So long as we have pro-life Pres. McCain, I’m hoping that his VP will be persuasively CONSERVATIVE in preventing Congressional spending for more federal bureaucracy, and CONSERVATIVE so as to secure our borders and execute rule of law including immigration AS LAWS ALREADY STAND. No more leniency, absolutely no amnesty.

We already have McCain to be a pro-life POTUS. What we need beyond pro-life is RULE OF LAW enabling individual responsibility in daily matters of citizenship, particularly with regards to government employees fulfilling their job requirements as Constitutionally established.

I’m hoping our next VP will be a Constitutional originalist committed to executing rule of law, secure borders, tight immigration, fiscal responsibility, and enabling AMERICAN industrial success and national security. Drill now! Nuclear power plants need to begin construction NOW.
The science of proper location and construction do not take more than five years to complete a plant SO LONG AS THE DEMOCRAT DEATH TO AMERICA STRANGLEHOLD LEGISLATION IS PURGED.

maverick muse on August 21, 2008 at 1:17 PM

And who did he choose?

What’s his or her name?

….. Ohhhhhhhhhhh, that’s right. He didn’t choose anyone yet. This is a discussion based on ‘unnamed sources.’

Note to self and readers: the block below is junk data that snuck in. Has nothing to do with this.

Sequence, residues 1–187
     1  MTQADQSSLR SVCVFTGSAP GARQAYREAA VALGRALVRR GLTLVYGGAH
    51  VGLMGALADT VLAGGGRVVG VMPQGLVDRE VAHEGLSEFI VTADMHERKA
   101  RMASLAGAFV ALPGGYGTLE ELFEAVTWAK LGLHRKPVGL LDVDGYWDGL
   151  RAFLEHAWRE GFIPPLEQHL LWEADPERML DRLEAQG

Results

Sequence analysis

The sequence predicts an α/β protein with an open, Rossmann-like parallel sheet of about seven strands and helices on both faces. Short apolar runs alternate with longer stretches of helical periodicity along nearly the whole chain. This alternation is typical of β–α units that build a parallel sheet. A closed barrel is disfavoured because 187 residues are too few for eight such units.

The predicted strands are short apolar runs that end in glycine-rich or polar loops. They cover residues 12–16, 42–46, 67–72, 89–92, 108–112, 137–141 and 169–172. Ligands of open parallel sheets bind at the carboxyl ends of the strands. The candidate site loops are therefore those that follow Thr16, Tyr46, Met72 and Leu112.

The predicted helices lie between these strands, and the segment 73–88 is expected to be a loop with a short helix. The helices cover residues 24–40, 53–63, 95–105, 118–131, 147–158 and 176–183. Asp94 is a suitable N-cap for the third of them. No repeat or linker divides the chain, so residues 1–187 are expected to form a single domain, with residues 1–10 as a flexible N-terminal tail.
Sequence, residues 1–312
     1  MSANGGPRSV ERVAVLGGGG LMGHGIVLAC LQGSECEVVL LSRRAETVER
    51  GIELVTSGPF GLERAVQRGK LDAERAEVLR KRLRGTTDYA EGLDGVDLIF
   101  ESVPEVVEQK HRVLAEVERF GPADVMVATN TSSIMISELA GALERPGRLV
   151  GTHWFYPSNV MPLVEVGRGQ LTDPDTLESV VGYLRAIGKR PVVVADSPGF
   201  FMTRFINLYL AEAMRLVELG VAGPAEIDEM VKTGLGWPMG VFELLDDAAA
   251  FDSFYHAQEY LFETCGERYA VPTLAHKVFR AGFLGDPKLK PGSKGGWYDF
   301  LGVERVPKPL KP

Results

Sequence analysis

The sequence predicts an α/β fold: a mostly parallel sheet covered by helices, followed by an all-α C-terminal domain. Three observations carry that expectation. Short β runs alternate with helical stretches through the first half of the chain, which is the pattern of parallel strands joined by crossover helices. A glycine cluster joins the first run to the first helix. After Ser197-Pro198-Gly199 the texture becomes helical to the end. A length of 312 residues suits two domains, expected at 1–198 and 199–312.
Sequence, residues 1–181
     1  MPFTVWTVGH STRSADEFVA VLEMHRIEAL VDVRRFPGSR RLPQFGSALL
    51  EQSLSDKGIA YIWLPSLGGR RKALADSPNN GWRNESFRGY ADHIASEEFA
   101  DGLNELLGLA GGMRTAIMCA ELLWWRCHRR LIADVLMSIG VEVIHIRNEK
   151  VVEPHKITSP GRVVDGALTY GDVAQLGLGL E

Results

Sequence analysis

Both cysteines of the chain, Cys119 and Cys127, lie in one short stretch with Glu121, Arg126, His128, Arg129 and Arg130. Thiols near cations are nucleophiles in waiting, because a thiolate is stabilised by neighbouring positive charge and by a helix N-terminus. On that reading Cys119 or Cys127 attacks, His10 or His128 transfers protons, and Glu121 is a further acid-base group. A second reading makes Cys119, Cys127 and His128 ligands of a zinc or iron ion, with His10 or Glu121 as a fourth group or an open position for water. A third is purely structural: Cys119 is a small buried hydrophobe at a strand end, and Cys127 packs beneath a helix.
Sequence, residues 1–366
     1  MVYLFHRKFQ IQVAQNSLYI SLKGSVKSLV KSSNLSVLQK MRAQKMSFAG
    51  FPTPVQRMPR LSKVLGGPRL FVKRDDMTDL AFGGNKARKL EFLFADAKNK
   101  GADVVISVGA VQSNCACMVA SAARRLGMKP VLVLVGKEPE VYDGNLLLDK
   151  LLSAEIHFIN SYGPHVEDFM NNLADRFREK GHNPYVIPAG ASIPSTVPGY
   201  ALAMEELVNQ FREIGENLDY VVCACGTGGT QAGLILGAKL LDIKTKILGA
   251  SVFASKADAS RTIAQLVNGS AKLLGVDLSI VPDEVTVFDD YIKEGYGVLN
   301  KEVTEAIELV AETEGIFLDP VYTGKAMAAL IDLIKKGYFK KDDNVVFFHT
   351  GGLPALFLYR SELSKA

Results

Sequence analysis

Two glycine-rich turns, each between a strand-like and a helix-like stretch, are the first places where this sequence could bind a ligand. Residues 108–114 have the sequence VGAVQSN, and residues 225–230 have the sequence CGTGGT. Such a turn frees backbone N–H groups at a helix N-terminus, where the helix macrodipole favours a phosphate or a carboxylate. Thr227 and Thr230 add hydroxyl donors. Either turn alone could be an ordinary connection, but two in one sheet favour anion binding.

So you’re lying.

Again.

wise_man on August 21, 2008 at 12:42 PM

Speculating on the speculation is as much accurate as predicting the weather tomorrow. But it is fun. Have at it.

wise_man on August 21, 2008 at 12:47 PM

Now I’m confused. May we speculate, or are we being LYING LIARS WHO LIE ABOUT JOHN MCCAIN?!? Must we go to Kos or HuffPo with the rest of the trash to speculate, or may we do it here? Can only secret Obama supporters speculate, or can others do it, too?

I hate those annoying little brats who always scream LIAR! at folks they disagree with, don’t you, weak_man? And they avoid substance at all costs, I’ve noticed. Why don’t you see if you can get them kicked off the site? They disagree with your approved party line anyway.

misterpeasea on August 21, 2008 at 1:30 PM

Now I’m confused. May we speculate, or are we being LYING LIARS WHO LIE ABOUT JOHN MCCAIN?!?
misterpeasea on August 21, 2008 at 1:30 PM

You said:

“You dont’ want to discuss his choice of VP,

And one last time, for the reading impaired;

HE HASN’T MADE ANY CHOICE FOR VP YET YOU *ING MORON!

wise_man on August 21, 2008 at 1:35 PM

You said:

“You dont’ want to discuss his choice of VP,“

And one last time, for the reading impaired;

HE HASN’T MADE ANY CHOICE FOR VP YET YOU *ING MORON!